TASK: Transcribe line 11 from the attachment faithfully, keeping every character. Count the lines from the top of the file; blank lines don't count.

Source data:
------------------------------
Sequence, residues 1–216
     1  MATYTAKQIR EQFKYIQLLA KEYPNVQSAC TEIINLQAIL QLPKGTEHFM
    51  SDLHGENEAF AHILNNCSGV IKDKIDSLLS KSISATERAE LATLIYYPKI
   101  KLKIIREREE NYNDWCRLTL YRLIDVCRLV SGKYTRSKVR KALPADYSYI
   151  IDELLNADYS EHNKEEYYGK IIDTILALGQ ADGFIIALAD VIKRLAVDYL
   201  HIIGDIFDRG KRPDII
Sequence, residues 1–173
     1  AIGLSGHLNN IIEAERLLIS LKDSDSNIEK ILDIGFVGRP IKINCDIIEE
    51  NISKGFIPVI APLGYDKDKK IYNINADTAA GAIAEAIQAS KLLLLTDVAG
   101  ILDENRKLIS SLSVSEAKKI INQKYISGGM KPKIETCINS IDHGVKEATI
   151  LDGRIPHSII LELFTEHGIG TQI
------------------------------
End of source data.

   151  LDGRIPHSII LELFTEHGIG TQI